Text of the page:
Published in Chicago by the Hektoen Institute of Medicine
Volume 1, Issue 3 – April 2009.
Cannibalism: Just What the Doctor Ordered
Carole A. Travis Henikoff
It may come as a surprise to many that their ancestors practiced cannibalism, especially when some scholars deny cannibalism ever happened. Yet the truth is, we all have cannibals in our closet. Throughout history human beings have consumed human flesh for various reasons.
African Miniature of Cannibal Victim
Diagnosing Defectives: Disability, Gender and Eugenics in the United States, 1910-1924
Sara Vogt, MS, Ph.D. Candidate
The science of eugenics developed in countries around the world such as Great Britain, the United States, and Germany during the second half of the nineteenth century as a means of fighting emergent public health and social problems like tuberculosis, prostitution, and the so-called degeneration of the race. The word “eugenic” springs from the Greek words “eu” meaning good and “gen” meaning born – together denoting “well-born.” The aim of eugenics was to change the behavior of the general public through voluntary or coercive means in order to increase the number of “well-born” individuals, thereby improving the health and ultimate strength of the nation. More…
Art and Medicine
Medicine and Literature
Saul Bellow’s Doctor Adler: The Achieving Medical Father and His Non-Achieving Son
Solomon Posen, MD
This paper concerns itself with the portrayal of Doctor Adler who, significantly, is not a share broker or a real estate agent but a prominent and highly respected retired internist whose unsympathetic behavior towards his non-achieving son is due, at least in part, to his medical background. More…
Grumpy Doctors and the Short Story
Tony Miksanek, MD
Three short stories, “The Use of Force,” “Brute,” and “The Steel Windpipe,” sizzle with the tension between grumpy doctors, tough patients, and worried family members. They are all doctor stories – brief tales written by practicing physicians and narrated from the doctor’s point-of-view – where good intentions somehow lead to big trouble. More…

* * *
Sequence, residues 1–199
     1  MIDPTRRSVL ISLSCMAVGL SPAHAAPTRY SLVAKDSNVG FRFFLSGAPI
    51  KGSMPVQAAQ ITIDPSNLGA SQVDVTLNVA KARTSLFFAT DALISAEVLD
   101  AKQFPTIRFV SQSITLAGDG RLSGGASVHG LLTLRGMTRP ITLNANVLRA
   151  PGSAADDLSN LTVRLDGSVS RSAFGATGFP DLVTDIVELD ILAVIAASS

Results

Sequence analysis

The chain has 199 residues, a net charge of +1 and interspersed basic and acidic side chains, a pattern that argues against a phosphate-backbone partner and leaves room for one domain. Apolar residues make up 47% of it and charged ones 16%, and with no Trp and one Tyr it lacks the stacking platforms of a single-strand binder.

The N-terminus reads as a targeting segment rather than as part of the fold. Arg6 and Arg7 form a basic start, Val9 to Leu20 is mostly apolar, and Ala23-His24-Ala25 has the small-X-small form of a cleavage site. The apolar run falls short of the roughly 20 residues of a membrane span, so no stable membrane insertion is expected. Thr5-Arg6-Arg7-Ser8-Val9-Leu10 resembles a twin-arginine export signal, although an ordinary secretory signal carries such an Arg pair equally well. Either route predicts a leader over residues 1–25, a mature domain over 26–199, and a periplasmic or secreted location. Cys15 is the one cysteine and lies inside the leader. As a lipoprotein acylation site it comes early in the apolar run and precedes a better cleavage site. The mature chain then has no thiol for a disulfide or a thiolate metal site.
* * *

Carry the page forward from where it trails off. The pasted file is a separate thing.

Socrates on Clinical Excellence
George Dunea, MD
Originally published in The Lancet
The year is 410 B.C., Socrates and the physician Democedes are walking in a shady grove,
on the road to Megara. The topic of discussion is the achievement of excellence in clinical medicine.
Can excellence be taught, is it acquired through practice, or is there another way? And if indeed excellence can be taught, should our young be instructed by the teachers of the academy or by the physicians who practice the art of healing the sick? More…
From the Grotesque to the Sublime: Innovations in Nursing Education
Judith Frei, RN, MS
From the Grotesque to the Sublime describes my efforts to incorporate the sciences and visual arts in nursing education using two very unusual academic settings: the morgue and the art museum. More…
Has Medicine Lost the Ethics Battle?
Patrick D. Guinan, M.D., M.P.H.
Originally published in Linacre Quarterly, May 1998
Modern medicine began with the Greeks and has developed over the past 2,500 years. Medical ethics, which was also initiated by the Greeks, and summarized in the Hippocratic Oath, has guided the moral actions of the physician in his medical practice for the past two and one half millennia. Recently, however, there have been profound changes in bioethics, not only in how the basic Hippocratic cannon is understood, but also in who interprets the code. The purpose of this essay is to explain why the clinical decision-making role of the physician has been overshadowed by ethical theories and ethical specialists. More…